It has been quiet on the hate-crimes front for a few days in New York City. The last incident to gain broad public notice occurred on January 15, when a man allegedly crafted a swastika out of flyers in a subway station. That followed weeks of multiple reports and increasing alarm over a surge of episodes, including events in Monsey and Jersey City involving extreme violence.
The events at the end of 2019 wrapped up a distressing year: Anti-Semitic hate crimes were up 26 percent over the previous 12 months. According to David Greenfield, an Orthodox Jewish leader who heads Met Council, the impact has already been felt in his community.
“As someone who has worn a yarmulke and has worn one my entire life, I have heard comments–certainly nothing that has risen to the level of an assault, but I have seen an increase of anti-Semitic remarks myself,” the former City Councilmember said. “I can tell you from speaking to folks, people are being more cautious and people are definitely a little bit more nervous about going out at night or going out alone.”
David Greenfield on the Impact of Hate Crimes
Greenfield and Deborah Lauter, the head of the city’s new Office to Prevent Hate Crimes, joined WBAI’s Max & Murphy to discuss the burst of anti-Semitic activity, its possible causes, and the ways the city is or should be responding.
“The national trends are showing across the board: There’s an increase in hate crimes across the country. So, what we’re experiencing here in New York is also an increase. That’s why my office was initiated,” Lauter said “The City Council and the mayor said, ‘Enough of us just coming together and condemning incidents after the fact. Let’s do something more long term and focus on the preventative.’”
Deborah Lauter on NYC’s Response
Greenfield criticized government generally for not doing enough to respond to the spike in crimes. Lauter noted the NYPD’s increased patrols, the creation of her office, a new Department of Education curriculum on tolerance and other efforts.
Both guests agreed that the 2018 bail reforms ought to be revised to permit broader pre-trial detention of people accused of hate crimes.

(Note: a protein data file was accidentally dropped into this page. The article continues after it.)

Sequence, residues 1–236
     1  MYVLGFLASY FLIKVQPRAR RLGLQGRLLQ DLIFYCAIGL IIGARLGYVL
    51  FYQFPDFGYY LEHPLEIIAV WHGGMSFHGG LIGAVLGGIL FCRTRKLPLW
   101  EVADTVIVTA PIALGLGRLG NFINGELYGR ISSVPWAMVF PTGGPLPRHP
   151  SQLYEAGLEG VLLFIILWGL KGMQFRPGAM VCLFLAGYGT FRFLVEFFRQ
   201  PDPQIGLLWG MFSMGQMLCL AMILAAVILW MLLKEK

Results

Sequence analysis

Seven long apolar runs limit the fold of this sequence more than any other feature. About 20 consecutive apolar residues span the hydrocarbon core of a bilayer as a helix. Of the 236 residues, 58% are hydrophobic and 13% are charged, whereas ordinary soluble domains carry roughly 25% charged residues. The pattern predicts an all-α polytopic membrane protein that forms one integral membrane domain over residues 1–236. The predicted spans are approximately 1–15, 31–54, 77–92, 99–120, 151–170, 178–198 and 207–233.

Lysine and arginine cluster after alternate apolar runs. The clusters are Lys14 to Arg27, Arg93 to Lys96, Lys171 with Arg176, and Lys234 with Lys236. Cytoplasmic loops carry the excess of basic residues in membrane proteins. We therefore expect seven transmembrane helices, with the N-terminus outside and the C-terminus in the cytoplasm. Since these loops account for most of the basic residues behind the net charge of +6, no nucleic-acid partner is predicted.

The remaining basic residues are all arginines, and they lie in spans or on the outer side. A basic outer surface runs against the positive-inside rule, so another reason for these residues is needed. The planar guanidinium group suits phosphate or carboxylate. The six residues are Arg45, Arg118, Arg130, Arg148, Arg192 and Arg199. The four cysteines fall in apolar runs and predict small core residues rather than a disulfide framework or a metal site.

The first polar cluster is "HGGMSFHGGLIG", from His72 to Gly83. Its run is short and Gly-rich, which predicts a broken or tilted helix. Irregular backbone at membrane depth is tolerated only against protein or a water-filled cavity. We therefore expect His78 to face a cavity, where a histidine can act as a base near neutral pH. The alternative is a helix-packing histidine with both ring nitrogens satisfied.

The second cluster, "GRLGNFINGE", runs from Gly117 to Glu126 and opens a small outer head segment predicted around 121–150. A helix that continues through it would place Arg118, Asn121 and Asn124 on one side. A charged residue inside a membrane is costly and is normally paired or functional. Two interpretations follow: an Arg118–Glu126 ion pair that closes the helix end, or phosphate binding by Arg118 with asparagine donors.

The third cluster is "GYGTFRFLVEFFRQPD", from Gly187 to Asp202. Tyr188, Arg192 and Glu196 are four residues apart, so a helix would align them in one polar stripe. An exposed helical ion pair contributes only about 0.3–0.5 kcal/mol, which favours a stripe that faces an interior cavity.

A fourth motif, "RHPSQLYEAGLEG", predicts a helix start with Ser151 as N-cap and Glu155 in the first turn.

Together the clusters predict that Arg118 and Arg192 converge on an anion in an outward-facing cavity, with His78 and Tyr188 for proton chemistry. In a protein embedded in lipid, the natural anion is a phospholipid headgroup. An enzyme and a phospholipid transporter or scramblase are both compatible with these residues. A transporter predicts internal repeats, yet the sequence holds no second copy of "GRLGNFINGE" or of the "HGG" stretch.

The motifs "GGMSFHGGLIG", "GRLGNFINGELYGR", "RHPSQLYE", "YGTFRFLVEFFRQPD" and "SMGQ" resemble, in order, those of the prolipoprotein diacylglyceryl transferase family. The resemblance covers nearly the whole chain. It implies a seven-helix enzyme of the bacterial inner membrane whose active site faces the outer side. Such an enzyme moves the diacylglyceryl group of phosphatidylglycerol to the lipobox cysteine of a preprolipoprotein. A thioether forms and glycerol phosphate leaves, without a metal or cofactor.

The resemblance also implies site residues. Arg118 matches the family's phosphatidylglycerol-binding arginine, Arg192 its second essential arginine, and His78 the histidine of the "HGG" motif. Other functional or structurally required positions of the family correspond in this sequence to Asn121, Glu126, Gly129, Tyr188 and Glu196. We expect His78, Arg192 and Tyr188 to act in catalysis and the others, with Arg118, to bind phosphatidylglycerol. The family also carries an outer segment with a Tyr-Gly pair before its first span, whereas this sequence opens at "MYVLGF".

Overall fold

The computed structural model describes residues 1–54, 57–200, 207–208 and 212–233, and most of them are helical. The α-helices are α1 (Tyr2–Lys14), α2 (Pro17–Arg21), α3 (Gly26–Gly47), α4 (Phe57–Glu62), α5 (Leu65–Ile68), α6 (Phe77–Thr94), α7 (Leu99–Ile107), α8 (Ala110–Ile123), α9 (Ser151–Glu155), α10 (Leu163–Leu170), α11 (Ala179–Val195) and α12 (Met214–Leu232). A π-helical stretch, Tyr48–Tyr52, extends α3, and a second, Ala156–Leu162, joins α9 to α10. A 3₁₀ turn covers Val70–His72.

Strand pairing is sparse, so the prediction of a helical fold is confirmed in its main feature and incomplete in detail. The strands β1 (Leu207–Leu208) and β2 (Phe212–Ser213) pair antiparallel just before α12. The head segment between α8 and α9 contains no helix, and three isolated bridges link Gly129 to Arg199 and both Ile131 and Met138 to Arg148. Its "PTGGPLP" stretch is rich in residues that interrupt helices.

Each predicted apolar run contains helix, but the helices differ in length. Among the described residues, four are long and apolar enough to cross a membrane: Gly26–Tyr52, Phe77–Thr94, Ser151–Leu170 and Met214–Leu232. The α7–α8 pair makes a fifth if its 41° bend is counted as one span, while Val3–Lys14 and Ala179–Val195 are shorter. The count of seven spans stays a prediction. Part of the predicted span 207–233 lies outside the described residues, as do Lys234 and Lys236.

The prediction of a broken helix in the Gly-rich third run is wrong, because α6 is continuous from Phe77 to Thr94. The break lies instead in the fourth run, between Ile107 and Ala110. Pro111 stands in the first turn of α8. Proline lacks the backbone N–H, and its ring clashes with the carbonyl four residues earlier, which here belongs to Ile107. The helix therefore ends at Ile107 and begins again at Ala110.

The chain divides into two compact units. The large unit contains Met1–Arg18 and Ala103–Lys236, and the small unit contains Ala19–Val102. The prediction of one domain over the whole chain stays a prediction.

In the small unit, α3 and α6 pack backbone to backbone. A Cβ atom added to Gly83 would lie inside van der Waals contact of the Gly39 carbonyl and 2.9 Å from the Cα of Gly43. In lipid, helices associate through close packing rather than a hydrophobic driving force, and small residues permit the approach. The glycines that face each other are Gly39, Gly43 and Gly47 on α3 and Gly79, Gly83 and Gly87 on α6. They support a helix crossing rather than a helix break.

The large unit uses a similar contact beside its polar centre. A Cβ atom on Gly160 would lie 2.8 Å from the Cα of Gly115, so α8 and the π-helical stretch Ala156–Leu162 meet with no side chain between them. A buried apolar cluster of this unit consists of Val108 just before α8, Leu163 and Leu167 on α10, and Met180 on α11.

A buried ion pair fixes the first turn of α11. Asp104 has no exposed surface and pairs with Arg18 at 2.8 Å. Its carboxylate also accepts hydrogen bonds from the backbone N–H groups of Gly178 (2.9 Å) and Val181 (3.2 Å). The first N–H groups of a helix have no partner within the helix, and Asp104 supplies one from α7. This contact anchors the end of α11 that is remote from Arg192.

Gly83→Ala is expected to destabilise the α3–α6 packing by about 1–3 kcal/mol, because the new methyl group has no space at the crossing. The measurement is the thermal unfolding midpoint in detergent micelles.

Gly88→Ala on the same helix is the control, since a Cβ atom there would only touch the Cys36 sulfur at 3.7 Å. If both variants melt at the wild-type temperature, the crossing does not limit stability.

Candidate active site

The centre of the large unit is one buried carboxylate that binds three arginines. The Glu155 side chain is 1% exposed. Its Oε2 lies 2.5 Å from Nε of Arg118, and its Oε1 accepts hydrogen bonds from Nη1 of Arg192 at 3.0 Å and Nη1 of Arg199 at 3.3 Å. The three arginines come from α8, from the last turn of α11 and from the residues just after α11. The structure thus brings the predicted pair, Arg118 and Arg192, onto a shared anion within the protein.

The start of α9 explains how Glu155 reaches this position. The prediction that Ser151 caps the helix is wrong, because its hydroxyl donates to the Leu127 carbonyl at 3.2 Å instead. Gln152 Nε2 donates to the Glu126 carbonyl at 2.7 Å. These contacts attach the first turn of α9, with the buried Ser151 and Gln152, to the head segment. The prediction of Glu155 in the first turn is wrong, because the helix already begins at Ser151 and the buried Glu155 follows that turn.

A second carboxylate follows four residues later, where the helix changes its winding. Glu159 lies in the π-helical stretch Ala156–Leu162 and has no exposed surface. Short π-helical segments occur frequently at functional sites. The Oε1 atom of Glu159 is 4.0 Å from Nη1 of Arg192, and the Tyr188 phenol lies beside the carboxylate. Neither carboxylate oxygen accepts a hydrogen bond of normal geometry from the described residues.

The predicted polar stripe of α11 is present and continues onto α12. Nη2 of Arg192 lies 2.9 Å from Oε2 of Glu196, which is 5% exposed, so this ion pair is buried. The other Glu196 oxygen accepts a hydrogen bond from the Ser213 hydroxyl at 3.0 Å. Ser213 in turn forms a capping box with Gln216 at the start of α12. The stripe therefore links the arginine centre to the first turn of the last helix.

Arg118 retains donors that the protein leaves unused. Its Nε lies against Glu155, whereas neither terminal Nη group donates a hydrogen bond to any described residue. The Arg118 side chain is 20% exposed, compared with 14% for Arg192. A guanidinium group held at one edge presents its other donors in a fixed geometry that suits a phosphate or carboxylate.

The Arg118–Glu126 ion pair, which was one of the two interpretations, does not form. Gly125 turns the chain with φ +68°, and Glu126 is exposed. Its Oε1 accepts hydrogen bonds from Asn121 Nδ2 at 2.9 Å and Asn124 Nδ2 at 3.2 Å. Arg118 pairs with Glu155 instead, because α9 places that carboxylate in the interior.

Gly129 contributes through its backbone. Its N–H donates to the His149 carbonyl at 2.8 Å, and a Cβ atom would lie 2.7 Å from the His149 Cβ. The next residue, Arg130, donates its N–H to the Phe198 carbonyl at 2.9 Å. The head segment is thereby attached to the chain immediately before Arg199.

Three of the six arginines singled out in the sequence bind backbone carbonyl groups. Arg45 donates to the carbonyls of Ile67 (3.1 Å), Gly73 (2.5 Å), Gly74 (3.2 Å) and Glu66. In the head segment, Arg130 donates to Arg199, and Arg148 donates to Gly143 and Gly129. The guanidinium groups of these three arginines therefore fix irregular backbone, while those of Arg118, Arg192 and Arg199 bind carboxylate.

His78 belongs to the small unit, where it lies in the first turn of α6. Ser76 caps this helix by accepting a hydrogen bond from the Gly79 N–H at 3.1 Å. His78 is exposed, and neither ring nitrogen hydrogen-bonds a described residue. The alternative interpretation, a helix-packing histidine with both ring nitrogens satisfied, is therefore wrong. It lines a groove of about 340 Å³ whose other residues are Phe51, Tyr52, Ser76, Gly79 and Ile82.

“When you see someone who gets arrested and should be remanded because of the history of violence towards people of a certain ethnicity whether they be Jewish, African American, Spanish, or LGBTQ and that person ends up on the street again, that is frustrating people,” Greenfield said. Lauter agreed: “Yes, I agree with the mayor that there needs to be judicial discretion and there’s clear movement to have limited carve-outs made.”
Asked what’s driving the spike in incidents, both cited multiple causes.
“There is no one root cause,” Greenfield said. “Some of them are driven by younger people where clear education or lack of education is a factor. Others are individuals who have mental health factors, including the fact that people have not been receiving proper mental health treatment. Some of them are obviously good-old-fashioned anti-Semitism.”
Lauter agreed some of the attacks may have copied earlier, high profile incidents during the spike.
“When people see how swastika graffiti has been highly publicized and when we look at the numbers, that’s really where the huge increase of the anti-Semitic incidents have been. I think it’s close to 80 percent of the incidents were swastika vandalism. Are kids and young adults seeing it and doing it?”
“Some of it is probably is tied to extremist ideology, others are tied to kids not understanding the severity of what’s behind the swastika and why it’s causing so much fear. Those two things require different approaches for dealing with it,” Lauter said.
Max & Murphy: Full Show for January 22, 2020
With reporting by Anika Chowdhury